Almost half of the UK’s food comes from other countries, so this should be a topic for close international collaboration. Biodiversity loss can be alleviated by protecting species and forests, reducing emissions, farming more regeneratively and using nature-based solutions such as rewilding.

3. Cleaning up rivers

There has been a lot of public outrage about water companies pumping sewage into rivers and the sea, with more than 80% of English rivers estimated to have high pollution levels from sewage overflows and manure run-off from agricultural fields.

Few politicians are calling for systemic change to how the UK water system operates. Sewage has been a big campaign issue for the Liberal Democrats, but much of the media discussion has been about party leader Ed Davey falling into Lake Windermere to highlight the issue, rather than about detailed policy proposals.

Discussion about ways to mitigate increased flooding due to more extreme weather is also missing. Measures such as rewilding could improve the UK’s flood resilience. England has a fully privatised water system, which is unusual for most countries, and there is lack of debate whether this is the best approach to providing a reliable and clean water service which is essential to everyone.

4. Retrofitting homes

Another missed opportunity is how to fix Britain’s leaky and inefficient homes. In England and Wales, the average energy efficiency rating of a home is D. For homes built before 1930, more than 80% are rated from D to G, indicating low energy efficiency.

Grey air-source heat pump unit on old red brick house exterior, green grass and flowers in foregground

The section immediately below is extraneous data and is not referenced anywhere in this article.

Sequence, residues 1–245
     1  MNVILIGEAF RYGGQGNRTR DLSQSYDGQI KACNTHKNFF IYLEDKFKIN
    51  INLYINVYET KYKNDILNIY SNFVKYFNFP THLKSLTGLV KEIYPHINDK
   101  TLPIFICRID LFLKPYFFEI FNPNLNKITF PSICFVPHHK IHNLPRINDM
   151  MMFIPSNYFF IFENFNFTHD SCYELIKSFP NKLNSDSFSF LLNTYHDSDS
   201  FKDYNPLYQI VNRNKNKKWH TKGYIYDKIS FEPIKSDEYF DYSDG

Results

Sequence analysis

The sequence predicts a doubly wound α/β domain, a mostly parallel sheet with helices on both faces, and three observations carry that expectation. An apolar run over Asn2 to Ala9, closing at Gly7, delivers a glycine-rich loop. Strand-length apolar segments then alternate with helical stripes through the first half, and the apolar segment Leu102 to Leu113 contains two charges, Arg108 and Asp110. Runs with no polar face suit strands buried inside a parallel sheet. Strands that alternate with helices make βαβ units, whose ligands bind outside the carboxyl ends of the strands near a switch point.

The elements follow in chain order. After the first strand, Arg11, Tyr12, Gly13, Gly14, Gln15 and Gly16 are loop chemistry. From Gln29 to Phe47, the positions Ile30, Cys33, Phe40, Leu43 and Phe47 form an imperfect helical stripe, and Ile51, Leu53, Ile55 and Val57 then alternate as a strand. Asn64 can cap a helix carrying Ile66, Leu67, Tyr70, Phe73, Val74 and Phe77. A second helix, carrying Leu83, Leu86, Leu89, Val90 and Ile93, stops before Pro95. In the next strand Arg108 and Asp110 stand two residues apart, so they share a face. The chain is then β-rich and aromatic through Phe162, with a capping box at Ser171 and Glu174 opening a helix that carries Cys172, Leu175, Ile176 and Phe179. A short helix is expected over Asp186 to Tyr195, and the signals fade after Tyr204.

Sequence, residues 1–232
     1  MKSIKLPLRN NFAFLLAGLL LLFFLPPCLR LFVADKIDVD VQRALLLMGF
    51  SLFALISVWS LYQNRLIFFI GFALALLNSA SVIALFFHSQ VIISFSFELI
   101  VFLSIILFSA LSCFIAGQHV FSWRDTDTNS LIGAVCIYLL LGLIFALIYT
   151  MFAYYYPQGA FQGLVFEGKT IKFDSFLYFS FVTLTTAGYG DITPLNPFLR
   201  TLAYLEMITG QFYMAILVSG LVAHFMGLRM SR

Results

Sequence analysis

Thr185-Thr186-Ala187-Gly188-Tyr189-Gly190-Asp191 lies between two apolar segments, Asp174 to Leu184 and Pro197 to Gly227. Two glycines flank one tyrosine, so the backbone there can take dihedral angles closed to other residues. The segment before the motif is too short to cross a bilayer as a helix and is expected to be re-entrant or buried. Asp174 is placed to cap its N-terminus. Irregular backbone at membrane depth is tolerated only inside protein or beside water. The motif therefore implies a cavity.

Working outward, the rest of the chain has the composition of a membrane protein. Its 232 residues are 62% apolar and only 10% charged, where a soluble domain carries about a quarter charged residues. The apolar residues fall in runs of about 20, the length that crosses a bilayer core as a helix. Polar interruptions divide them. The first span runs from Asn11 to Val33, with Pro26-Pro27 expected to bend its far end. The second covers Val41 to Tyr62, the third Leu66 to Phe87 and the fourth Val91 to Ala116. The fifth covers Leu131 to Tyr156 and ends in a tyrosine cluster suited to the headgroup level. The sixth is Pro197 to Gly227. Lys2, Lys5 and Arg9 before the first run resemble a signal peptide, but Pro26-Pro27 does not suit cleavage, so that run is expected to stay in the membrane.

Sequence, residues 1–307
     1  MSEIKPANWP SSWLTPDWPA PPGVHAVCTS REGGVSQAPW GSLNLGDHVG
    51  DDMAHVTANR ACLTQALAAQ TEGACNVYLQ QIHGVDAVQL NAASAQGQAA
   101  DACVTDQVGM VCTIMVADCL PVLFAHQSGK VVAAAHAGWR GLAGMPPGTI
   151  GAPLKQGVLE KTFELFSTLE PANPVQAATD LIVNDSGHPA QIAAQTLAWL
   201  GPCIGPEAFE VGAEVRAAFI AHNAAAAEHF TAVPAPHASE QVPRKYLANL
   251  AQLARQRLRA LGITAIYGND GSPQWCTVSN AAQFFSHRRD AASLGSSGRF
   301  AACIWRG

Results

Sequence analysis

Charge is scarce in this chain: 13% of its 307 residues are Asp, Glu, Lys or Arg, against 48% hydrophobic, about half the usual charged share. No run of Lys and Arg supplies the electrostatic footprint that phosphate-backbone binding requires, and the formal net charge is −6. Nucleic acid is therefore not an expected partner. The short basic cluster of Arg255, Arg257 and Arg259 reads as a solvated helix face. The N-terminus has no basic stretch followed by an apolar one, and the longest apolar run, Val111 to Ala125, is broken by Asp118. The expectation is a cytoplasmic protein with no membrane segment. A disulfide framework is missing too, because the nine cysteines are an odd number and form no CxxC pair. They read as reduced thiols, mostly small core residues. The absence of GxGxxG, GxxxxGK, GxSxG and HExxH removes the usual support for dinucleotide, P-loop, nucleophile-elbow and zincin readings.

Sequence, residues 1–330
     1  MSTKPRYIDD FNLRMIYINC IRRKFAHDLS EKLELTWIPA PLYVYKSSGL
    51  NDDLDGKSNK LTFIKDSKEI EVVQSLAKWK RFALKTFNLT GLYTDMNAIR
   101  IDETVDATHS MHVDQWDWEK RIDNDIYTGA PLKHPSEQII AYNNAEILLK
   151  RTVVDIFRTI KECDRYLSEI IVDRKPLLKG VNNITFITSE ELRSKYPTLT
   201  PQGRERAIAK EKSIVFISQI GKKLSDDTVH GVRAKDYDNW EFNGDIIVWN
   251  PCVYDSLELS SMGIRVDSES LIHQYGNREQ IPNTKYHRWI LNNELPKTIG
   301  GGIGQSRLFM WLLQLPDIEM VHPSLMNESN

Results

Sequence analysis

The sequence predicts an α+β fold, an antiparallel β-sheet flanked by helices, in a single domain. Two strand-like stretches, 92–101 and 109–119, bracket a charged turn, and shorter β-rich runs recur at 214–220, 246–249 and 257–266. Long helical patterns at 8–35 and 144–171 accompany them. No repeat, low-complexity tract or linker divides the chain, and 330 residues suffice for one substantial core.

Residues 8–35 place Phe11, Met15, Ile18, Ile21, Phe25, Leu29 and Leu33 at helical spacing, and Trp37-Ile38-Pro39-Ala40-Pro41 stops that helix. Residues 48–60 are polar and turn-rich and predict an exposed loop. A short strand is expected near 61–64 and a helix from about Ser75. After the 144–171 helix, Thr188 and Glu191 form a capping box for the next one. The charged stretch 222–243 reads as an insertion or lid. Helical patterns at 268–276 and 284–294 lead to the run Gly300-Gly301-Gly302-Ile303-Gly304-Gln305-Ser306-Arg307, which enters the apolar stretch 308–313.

Grants could encourage more people to retrofit homes with air-source heat pumps. Snapshot freddy/Shutterstock

There are policies for home retrofits in both the Labour and Scottish National party (SNP) manifestos. Labour will provide grants and low interest loans for measures such as insulation, solar panels, batteries and low-carbon heating. The SNP promises lower VAT rates for the construction sector to encourage retrofitting of existing buildings.

However, a fully costed housing improvement programme that would address UK homes in need of retrofitting is missing. The UK needs a long-term programme with easy-to-access grants and zero interest loans for households to install measures such as insulation, heat pumps and solar power, to ultimately reduce their energy bills too.

Energy-efficient homes can help reduce fuel poverty and provide more comfortable living conditions. Homes urgently need to be more climate resilient by preparing them to better cope with extreme weather such as summer heatwaves and cold winter events.

5. Improving sustainable transport

The UK needs to drastically reduce its high reliance on cars. In 2023, a record number of 41.4 million vehicles were on the road in the UK. While car-related emissions reduced, only one in 40 of all vehicles is zero emission. Politicians could better support active travel options (like riding bikes and walking) or improve public transport connections.

Silence on this issue is unsurprising, given that congestion charges and related measures have proven unpopular in some areas. But homes with close links to public transport and policies that promote 15-minute cities that have accessible sustainable transport options could bring multiple benefits for health and wellbeing. Low-traffic neighbourhoods can create space for children’s play and benefit residents’ quality of life.

Mari Martiskainen, Professor of Energy and Society, SPRU, University of Sussex Business School, University of Sussex

This article is republished from The Conversation under a Creative Commons license. Read the original article.